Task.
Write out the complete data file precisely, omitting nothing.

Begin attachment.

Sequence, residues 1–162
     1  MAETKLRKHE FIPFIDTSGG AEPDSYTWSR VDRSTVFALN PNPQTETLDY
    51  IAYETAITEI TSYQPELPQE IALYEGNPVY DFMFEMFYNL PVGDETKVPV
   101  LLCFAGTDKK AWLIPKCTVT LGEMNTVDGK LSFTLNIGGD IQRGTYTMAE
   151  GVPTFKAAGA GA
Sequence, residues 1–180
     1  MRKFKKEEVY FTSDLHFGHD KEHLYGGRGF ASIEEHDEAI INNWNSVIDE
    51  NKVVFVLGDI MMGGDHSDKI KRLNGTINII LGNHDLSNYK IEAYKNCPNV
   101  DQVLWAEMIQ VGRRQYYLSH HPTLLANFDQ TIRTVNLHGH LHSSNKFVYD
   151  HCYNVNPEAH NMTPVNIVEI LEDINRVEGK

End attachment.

Sequence, residues 1–162
     1  MAETKLRKHE FIPFIDTSGG AEPDSYTWSR VDRSTVFALN PNPQTETLDY
    51  IAYETAITEI TSYQPELPQE IALYEGNPVY DFMFEMFYNL PVGDETKVPV
   101  LLCFAGTDKK AWLIPKCTVT LGEMNTVDGK LSFTLNIGGD IQRGTYTMAE
   151  GVPTFKAAGA GA
Sequence, residues 1–180
     1  MRKFKKEEVY FTSDLHFGHD KEHLYGGRGF ASIEEHDEAI INNWNSVIDE
    51  NKVVFVLGDI MMGGDHSDKI KRLNGTINII LGNHDLSNYK IEAYKNCPNV
   101  DQVLWAEMIQ VGRRQYYLSH HPTLLANFDQ TIRTVNLHGH LHSSNKFVYD
   151  HCYNVNPEAH NMTPVNIVEI LEDINRVEGK